After World War II, the military establishment was reorganized to address current military capabilities and new threats to the state. The National Security Act of 1947, and its subsequent 1949 amendment, brought many changes to how the U.S. government approached national security, military, and national intelligence establishments. This act created the National Security Council (NSC) to support the executive branch, with strategy related to national security issues. The council is the principal forum to advise and assist the president in national security, and coordinates the U.S. departments and agencies in creating a unified strategy and executing national security policy.[2] The act also reorganized the armed services by creating the DoD, headed by the Secretary of Defense, and under which came the Departments of the Army, Navy, and Air Force.

A meeting of the National Security Council under President George W. Bush (Wikimedia)

By the 1980s, the DoD needed to change service relationships and its departmental approach to national security interests. The challenges addressed by Goldwater-Nichols then are similar to the challenges faced by the interagency today: parochialism, interoperability, and a lack of coordination.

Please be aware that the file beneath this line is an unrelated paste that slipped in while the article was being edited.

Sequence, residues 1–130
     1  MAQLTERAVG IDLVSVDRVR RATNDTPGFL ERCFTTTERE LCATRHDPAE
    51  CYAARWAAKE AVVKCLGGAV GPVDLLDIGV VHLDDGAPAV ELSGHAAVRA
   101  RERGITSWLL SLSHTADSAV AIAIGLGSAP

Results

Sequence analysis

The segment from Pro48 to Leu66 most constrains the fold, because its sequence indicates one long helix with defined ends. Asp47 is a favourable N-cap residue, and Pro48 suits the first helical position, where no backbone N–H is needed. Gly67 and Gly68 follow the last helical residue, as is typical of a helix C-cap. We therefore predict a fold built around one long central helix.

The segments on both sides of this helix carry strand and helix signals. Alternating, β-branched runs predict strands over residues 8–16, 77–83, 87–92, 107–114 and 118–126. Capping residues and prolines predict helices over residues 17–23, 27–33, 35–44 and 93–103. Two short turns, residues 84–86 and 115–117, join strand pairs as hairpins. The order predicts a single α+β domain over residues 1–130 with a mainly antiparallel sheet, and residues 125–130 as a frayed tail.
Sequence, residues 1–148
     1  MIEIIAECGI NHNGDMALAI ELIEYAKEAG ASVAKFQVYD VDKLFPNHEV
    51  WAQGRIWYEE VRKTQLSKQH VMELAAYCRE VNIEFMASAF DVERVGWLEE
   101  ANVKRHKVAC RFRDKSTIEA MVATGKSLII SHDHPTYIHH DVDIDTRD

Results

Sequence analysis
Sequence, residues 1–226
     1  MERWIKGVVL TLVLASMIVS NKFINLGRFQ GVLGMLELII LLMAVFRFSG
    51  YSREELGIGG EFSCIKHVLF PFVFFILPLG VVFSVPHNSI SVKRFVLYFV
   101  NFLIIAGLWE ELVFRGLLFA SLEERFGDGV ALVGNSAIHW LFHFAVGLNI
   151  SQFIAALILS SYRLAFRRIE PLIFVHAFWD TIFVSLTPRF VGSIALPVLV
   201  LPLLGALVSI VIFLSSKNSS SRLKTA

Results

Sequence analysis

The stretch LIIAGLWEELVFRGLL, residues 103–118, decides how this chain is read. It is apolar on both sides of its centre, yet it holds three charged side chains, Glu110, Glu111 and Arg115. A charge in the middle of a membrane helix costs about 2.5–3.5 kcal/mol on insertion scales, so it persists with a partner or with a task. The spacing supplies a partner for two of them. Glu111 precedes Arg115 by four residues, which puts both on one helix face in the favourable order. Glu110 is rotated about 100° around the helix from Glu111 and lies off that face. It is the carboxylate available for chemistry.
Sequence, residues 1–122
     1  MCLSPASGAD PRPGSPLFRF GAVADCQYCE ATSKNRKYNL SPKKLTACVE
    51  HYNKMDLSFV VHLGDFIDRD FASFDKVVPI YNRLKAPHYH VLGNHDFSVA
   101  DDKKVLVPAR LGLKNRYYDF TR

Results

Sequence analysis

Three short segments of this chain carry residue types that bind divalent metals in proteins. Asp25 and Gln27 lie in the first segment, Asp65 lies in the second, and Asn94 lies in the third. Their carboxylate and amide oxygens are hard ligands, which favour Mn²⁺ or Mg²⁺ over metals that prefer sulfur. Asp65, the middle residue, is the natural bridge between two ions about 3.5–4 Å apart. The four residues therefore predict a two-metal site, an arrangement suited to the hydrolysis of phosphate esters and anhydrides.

Parochialism occurs when individuals and organizations see the world through their own unique lens. Narrow-minded perspectives can lead to incomplete or ineffective solutions and strategy. For instance, civilians may not understand military necessity, and the military may not appreciate the subtlety and finesse learned in diplomacy. While these virtues seem at odds with one another, formally restructuring the national security enterprise can enable the retention of that expertise, while simultaneously opening the aperture to a wider field of view. This change also has the potential to improve the number of available solutions when problem solving, by moving from a singular departmental approach to a coordinated one, where individual departmental strengths are leveraged as needed in order to achieve the solution.